You can Make a Difference in a Young Girls Life: Be A Mentor, Be An Example

 

Girls today are facing many challenges. Some are unique (cyberspace,
digital access in and out of the home) some challenges are similar, but
coming at an early age. Those issues and expectations that were once
those of teenagers are now in the grammar schools and on the
playgrounds. Girls often sacrifice kindness and charity for popularity.
The cultural feminine beauty standards are now being applied to 8
year olds. As girls approach adolescence, their self-esteem often
plummets when compared to boys. Rachel Simmons is an author of
three books on girlhood and cofounder of Girls Leadership, a national
nonprofit that provides training, education, and workshops to girls and
the adults who support them. She states, “girls are at their fiercest
and most authentic prior to puberty.”;

Parents, family and friends can prepare young women for the trials of
being a teenager by helping them develop critical skills early on.
http://www.rachelsimmons.com/books-and- tv/

Here are some skills that help:

1. How to have respect for the feelings of others and
express her own feelings

We need to teach girls emotional intelligence. That skill, says
Simmons, means having the ability to describe and express the
full range of human emotion. But when girls are taught to value
being happy and liked over all, they often suppress or can’t
acknowledge more difficult experiences.

Instead, adults need to demonstrate how to “flex the muscle of
expressing their strongest feelings,” says Simmons. We can do
that by modeling our own emotions using words like sad,
nervous, excited, scared, angry, frustrated, and confused.

Simmons also recommends parents “authorize” their daughters’;
emotions: “When your girls express authentic emotions — even if
they’re difficult — you take them seriously. You don’t deny them or
challenge them.”

2. How to feel self-compassion

Girls get a lot of messages that it’s important to please others, says
Simmons. So when they experience a setback, it often feels like letting
someone else down and loosing their approval. On top of that,
research shows that adolescent girls may be exposed to more
interpersonal stress than boys. That makes them more likely to focus
on negative feelings, putting them at greater risk for depression.
To help prevent this cycle of suffering, Simmons recommends parents
teach their daughters how to deal with failure. This means teaching a
girl how to practice self-compassion in a moment of crisis. Instead of
criticizing herself harshly, she should practice self-kindness and
remember that we all have to deal with disappointment. By realizing
others share that experience, she’ll be better prepared to treat herself
compassionately and develop resilience. Parents can demonstrate this
by using self-compassion and looking at failure as an opportunity to
learn from the situation.

3. How to develop a positive relationship with her body

Lost in a sea of selfies and reality television, girls might not know
how to view themselves beyond objects of desire. One way to
help them develop more complete and positive relationships with
their bodies is to introduce them to sports. Physical activity gives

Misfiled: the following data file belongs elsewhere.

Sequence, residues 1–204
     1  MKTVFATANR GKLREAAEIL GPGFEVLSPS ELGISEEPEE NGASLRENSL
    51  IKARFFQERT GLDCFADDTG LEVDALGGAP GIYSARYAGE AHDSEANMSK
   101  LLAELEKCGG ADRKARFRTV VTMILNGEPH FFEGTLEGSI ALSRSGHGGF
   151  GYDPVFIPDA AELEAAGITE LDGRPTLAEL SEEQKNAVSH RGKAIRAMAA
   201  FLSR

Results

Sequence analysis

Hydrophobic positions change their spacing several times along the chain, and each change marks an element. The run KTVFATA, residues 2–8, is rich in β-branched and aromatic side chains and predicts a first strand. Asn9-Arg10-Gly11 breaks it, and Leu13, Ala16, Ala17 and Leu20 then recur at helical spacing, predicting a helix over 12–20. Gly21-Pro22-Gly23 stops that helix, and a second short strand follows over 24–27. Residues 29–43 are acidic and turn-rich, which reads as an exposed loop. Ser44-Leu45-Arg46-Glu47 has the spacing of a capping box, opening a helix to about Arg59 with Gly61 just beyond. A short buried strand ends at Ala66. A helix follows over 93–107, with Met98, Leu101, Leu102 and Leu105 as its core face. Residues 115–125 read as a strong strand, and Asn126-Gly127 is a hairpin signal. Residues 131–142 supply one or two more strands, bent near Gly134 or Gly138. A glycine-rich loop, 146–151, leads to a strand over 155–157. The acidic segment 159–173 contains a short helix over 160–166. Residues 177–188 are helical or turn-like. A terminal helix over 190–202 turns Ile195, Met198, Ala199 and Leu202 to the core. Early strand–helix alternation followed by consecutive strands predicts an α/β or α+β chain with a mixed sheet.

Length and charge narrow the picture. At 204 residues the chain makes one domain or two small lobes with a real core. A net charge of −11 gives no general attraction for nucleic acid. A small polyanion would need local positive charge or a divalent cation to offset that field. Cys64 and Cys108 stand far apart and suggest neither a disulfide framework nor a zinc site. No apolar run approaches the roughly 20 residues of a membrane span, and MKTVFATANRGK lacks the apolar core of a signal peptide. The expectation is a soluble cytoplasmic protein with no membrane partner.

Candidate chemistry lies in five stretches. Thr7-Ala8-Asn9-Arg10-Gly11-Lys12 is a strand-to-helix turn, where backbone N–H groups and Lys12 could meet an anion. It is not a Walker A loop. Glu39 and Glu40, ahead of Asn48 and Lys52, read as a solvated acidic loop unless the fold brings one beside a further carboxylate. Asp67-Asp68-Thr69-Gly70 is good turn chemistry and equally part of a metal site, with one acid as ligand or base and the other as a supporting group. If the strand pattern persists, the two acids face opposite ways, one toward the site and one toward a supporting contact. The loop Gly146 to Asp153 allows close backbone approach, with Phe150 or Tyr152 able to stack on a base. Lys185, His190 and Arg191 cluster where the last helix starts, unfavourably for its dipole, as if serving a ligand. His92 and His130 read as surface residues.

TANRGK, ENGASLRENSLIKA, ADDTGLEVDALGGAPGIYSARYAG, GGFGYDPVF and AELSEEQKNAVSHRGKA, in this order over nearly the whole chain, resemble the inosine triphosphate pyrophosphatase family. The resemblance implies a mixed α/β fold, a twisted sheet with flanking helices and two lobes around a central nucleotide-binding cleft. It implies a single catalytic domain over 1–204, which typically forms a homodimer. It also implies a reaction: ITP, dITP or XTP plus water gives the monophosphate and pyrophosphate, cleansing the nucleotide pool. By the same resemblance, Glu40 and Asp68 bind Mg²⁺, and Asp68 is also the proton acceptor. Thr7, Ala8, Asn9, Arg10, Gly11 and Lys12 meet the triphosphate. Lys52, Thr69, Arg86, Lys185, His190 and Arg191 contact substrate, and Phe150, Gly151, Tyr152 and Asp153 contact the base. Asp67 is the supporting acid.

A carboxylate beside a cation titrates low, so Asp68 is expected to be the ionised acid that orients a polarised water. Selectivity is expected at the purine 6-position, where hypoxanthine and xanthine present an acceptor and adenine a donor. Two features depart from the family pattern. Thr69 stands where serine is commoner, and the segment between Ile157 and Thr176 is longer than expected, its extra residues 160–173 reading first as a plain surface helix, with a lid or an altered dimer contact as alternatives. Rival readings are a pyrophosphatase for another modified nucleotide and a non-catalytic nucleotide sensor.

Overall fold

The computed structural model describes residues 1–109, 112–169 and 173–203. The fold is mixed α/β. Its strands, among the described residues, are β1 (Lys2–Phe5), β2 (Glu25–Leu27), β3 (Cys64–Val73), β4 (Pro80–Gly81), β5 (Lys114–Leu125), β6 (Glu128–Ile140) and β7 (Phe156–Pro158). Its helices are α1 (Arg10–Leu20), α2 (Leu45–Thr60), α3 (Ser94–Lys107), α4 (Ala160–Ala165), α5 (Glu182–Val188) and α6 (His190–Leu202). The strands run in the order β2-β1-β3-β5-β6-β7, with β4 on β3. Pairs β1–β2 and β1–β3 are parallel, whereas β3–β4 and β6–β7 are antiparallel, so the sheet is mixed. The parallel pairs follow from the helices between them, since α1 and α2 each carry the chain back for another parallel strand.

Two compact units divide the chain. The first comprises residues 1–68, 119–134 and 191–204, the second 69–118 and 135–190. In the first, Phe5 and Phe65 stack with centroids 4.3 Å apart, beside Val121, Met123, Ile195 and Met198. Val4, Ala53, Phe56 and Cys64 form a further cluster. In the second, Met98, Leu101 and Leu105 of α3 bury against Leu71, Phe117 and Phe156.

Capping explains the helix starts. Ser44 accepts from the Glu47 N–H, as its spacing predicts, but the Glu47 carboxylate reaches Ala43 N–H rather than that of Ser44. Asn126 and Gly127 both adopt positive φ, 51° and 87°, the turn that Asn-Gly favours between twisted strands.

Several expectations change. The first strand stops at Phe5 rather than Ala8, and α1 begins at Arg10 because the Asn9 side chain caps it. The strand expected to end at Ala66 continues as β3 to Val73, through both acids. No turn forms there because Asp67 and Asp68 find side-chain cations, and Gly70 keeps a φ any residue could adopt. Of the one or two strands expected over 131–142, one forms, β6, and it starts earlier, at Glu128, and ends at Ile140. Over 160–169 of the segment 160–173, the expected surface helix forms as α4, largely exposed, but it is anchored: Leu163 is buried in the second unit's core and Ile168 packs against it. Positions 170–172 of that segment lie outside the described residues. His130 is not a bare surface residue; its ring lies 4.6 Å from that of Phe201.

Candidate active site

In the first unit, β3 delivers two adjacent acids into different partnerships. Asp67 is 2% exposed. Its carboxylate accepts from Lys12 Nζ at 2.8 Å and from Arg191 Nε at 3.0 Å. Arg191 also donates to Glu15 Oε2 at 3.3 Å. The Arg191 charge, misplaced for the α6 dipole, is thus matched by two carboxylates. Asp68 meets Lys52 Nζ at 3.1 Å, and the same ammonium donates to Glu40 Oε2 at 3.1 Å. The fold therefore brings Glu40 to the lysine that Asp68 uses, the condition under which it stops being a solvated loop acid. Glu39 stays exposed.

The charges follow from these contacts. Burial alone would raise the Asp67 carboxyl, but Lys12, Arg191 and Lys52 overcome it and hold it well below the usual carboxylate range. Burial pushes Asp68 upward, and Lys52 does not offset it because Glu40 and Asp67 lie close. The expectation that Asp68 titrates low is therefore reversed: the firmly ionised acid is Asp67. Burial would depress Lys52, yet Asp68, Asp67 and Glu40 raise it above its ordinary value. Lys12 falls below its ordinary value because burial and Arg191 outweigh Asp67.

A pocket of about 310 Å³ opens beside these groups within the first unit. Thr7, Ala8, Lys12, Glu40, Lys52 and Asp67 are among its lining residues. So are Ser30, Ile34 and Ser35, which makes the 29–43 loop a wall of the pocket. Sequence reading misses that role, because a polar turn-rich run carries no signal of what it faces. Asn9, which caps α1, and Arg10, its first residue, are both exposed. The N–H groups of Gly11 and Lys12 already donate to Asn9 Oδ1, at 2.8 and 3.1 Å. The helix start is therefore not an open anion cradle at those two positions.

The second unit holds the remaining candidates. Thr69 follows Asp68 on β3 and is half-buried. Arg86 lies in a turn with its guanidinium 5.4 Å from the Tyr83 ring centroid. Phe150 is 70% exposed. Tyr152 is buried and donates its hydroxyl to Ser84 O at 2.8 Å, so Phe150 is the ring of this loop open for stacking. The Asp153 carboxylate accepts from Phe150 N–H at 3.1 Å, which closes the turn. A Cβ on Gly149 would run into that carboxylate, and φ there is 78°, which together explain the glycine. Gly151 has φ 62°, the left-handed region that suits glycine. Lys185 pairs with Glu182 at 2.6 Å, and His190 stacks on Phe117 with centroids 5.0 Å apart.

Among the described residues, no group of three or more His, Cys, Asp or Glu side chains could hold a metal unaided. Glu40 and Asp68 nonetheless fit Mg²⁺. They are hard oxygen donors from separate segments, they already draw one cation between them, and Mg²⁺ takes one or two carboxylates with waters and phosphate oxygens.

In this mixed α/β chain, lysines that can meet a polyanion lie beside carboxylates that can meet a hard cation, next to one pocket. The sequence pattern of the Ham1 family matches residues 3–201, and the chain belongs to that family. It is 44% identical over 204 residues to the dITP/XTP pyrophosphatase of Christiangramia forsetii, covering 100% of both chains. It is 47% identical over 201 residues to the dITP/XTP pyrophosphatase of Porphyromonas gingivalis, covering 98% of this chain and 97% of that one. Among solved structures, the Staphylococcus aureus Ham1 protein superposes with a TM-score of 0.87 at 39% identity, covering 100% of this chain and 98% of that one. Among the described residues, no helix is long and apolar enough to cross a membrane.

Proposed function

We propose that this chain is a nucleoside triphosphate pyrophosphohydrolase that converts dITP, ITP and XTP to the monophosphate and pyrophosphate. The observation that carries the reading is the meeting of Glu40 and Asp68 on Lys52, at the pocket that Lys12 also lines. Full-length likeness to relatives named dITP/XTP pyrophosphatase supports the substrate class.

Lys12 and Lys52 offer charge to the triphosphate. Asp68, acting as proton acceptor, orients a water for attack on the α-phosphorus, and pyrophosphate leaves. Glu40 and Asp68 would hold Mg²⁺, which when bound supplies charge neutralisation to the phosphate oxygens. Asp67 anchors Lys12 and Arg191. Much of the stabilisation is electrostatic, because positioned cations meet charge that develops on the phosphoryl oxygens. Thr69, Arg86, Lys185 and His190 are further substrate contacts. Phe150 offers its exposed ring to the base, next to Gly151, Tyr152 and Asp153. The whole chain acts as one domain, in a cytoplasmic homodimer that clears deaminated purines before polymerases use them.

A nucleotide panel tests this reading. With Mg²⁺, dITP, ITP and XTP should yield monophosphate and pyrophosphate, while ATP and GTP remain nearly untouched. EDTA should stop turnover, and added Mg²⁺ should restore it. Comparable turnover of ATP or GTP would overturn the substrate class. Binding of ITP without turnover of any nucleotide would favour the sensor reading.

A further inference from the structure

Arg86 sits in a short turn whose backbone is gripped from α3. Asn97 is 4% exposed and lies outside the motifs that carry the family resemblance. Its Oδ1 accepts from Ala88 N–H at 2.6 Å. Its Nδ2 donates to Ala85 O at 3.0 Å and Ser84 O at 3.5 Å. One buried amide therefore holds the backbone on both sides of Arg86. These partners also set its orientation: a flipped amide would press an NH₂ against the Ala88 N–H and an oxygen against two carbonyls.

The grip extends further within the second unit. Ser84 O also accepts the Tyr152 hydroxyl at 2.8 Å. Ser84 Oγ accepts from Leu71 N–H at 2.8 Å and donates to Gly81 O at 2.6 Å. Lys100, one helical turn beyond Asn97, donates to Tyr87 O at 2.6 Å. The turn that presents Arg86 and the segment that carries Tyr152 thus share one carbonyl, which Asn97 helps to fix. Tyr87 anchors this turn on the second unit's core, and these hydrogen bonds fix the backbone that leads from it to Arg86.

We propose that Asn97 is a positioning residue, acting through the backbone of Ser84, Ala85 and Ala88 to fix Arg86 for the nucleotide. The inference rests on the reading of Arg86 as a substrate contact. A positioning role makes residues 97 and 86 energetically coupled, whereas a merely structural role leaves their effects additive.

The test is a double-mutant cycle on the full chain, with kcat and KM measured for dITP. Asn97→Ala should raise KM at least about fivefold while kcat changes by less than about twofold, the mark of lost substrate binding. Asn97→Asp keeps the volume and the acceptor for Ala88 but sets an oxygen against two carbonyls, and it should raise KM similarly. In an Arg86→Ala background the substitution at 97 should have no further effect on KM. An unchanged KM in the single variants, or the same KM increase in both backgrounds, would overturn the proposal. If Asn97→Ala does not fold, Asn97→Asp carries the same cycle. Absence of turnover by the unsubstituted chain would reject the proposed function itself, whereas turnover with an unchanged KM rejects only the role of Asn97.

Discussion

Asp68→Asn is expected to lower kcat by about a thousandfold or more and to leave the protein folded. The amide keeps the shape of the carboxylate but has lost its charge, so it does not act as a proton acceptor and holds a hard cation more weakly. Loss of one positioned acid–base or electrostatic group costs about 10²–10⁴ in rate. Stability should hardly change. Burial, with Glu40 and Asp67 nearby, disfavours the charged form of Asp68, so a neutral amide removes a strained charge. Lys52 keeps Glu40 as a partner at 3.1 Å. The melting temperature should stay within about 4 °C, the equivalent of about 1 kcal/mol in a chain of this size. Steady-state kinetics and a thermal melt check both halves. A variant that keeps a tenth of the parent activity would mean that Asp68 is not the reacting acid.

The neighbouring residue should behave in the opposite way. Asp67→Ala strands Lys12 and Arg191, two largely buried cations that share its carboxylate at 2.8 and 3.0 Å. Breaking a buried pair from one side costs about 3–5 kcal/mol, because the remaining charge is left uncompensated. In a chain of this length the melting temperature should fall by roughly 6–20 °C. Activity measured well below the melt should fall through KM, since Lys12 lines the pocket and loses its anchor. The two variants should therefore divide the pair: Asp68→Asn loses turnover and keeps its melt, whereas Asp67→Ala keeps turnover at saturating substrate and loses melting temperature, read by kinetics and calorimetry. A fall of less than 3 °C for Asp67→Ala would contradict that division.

them an opportunity to see their bodies as capable of strength
and stamina, rather than being defined by appearance only.
Research shows that sports can directly affect a girl’s self-
perception and self-confidence.

But even girls who feel physically capable and confident might still feel
ashamed of their bodies and their sexuality. Simmons recommends
talking with girls about their bodies from toddlerhood. Parents should
know and use the right names for genitalia and do their best to
“represent sex as a healthy, beautiful experience that should be had
with joy and consent.” That means talking about personal space
boundaries and what consent means early on and emphasizing that a
girl’s body belongs to her alone.

Parents who are uncomfortable discussing sex and the body
communicate those feelings to their daughter.  “When girls feel
uncomfortable with their bodies,” says Simmons, “they can also
disconnect from how they are really feeling and worry more about how someone else is feeling, or what they want, instead.”

4. How to learn from friendships

Girls are frequently told that friendships are paramount, and that may
be why they can be so singularly focused on those relationships.
Relationships help girls learn to assert themselves, compromise, and
set boundaries.

Parents should view friendships as an opportunity to show girls what
healthy relationships look like and how they can relate to others and
themselves. Girls may need to demonstrate this for their friends.
One example might be helping your daughter respond when her friend
does’t save a seat for her on the swing. Ask her what choices she had
in the situation and help her role-play an assertive response.
Encouraging her to communicate honestly and reasonably assert
herself, says Simmons, provides her with skills that she’ll need to push
for a raise as an adult.

These important skills aren’t easy to master, but the more chances a
girl has to practice them under the guidance of a trusted adult, the
more likely she’ll feel confident and self-assured as a teenager.

Rosanne Gephart, MSN, NP, CNM

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